Lovely Mara Corday has the task of looking concerned while pretending to be an eager research assistant in designer clothes. It's one of her few leading parts yet a thankless role yet, as it's difficult to create a memorable scene opposite the likable but stiff John Agar. Ms. Corday remains more arresting in her smaller, more sensual parts, such as the mining-town nurse in the same year's Foxfire.
A couple of scenes seem intentionally funny, as when the giant spider imitates King Kong by peeking into Mara Corday's dressing room through a convenient giant-sized window. Mara never notices a fifteen-foot glittering monster eyeball ogling her only a few feet away. When the spider subsequently climbs on top of the house and proceeds to batter it to pieces, it really appears to be, uh, aroused. We're also startled when Agar's Matt Hastings dips his finger into a pool of goopy spider excretions and gives it a taste. It's only theoretically spider venom, Matt. What if it's the acid stuff that the University expert says the spider uses to liquefy its prey? Matt Hastings could end up looking worse than poor drippy-faced Dr. Deemer.
It's neither Corday's nor John Agar's fault that the script keeps Matt and Steve far behind the story curve, always looking for answers that the audience already has. Leo G. Carroll's researcher Deemer is presented as sympathetic, but he also buries a colleague out in the desert, almost like Norman Bates from Psycho.. We never understand exactly why his associates would consider ingesting a drug that transforms bunnies and hamsters into 'sizeable beasts.'
Clint Eastwood (or at least his voice and eyes) is the pilot guiding the Napalm strike that turns the spider into a big fireball. Unlike other giant '50s threats, this monster is such an easy target that the movie could serve as an institutional ad for Du Pont or Dow Chemical. One phone call to your local Air Base does the trick: the bigger they come, the brighter they burn. Tarantula has always been a guilty favorite of giant monster fans, and fits in there right behind the top ten or so sci-fi offerings of the 1950s.
Scream Factory's Blu-ray of Tarantula is a fun disc that fans have been awaiting for quite a while. Despite various deficiencies in dramatics and sundry details, Jack Arnold's picture delivers the thrills favored by monster-obsessed public. The image quality looks the same as the earlier German disc, which was quite good. With the added detail we can see that the optical experts' mattes hardly ever matched well. The transfer artistes have adjusted the density to minimize print-through, but can't disguise shots where lighter areas of the spider, mostly the joints, also become transparent. On the other hand, a couple of shots of rockets impacting next to the spider use very sophisticated mattes, to link the larger-scale explosions both to the miniature spider and the larger desert backplate image. The illusion is very good.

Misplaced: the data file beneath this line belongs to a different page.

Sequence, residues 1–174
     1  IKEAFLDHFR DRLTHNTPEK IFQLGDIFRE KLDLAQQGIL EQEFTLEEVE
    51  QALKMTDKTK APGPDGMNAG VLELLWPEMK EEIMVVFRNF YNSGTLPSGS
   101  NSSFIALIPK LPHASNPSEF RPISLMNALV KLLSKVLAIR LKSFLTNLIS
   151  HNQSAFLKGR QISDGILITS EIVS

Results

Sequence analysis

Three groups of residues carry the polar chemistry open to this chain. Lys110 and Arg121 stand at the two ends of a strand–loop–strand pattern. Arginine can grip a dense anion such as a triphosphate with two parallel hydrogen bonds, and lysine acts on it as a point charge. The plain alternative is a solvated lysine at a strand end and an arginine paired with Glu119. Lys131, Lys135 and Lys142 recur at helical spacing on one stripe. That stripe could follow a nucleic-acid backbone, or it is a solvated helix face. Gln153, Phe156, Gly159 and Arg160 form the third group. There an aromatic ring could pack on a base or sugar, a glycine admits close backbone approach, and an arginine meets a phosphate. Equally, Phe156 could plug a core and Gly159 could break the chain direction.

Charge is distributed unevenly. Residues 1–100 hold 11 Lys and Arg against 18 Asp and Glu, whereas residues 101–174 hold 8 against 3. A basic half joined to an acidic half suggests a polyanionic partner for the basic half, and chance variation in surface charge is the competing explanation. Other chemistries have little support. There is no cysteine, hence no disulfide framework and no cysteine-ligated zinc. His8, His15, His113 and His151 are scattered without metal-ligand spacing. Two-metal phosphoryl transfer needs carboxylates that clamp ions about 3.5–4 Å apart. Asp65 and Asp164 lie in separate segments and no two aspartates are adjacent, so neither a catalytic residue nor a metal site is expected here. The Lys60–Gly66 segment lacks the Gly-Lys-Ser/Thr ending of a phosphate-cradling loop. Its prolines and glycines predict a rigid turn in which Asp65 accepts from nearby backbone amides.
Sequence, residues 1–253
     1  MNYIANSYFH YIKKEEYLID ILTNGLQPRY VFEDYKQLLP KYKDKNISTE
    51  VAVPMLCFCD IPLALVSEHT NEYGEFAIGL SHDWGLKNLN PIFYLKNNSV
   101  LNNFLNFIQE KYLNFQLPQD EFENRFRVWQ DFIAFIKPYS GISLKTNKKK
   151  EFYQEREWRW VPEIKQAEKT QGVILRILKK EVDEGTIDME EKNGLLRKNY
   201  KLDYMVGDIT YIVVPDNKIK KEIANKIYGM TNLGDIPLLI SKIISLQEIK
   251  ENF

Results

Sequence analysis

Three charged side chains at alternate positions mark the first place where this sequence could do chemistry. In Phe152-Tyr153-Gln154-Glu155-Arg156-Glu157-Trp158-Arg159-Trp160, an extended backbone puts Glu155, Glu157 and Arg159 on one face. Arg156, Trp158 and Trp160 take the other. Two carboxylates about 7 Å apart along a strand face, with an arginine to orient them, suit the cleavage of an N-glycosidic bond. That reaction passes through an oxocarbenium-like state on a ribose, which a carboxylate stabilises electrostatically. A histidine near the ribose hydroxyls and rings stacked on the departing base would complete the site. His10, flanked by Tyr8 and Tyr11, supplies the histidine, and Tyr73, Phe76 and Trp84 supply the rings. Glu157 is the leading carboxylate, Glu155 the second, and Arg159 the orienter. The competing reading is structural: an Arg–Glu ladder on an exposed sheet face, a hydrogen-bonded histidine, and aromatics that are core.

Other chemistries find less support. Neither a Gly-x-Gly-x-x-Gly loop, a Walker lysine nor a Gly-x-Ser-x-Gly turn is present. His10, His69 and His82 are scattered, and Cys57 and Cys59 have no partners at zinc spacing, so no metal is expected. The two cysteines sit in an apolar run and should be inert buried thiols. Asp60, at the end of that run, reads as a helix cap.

Scream Factory has been doing right by their Uni monster pix by contracting expert interviewer and author Tom Weaver for their commentaries. Tom's chat track here is one of his best listens, perhaps because he likes it so much. Weaver prefers the big T to other bug movies because the spider is real, as opposed to a stop-motion puppet, a marionette or a big mock-up. For once I listened to all of David Schecter's music notes. Much of the music in the film comes from westerns, but we're told that when Universal repurposed its own music, it was always re-recorded. So the exact cues weren't used, which is why things like 'Metaluna Catastrophe' sound the same, but different.
Tom details some missing scenes including a brief one where jet fighter pilot Clint Eastwood was dispatched on his mission. The very comprehensive ad art and still galleries don't include the photos of the missing Eastwood scene that were scooped on a web board a couple of years ago. The trailer is the fuzzy old example we've seen elsewhere.
Scream Factory is quickly catching up with the entire Universal fantasy catalog for the glorious 1950s, finally releasing several pictures that have been out in Region B for quite a while. The Monolith Monsters (June 18) and Monster on the Campus (June 25) are on their way, along with the tip-top Sci-fi title This Island Earth (also June 25). That 1950 space opera didn't look good in its Region B release; let's hope that Universal will give it a proper polish for its domestic Blu-ray debut.
Movie: Very Good (Excellent for Sci-fi monster fans)
Supplements: Tom Weaver commentary, (with Creepy Dr. Kiss and Slippery David Schechter), photo galleries, trailers.
Deaf and Hearing-impaired Friendly? YES; Subtitles: English
Packaging: One Blu-ray in Keep case
Reviewed: April 14, 2019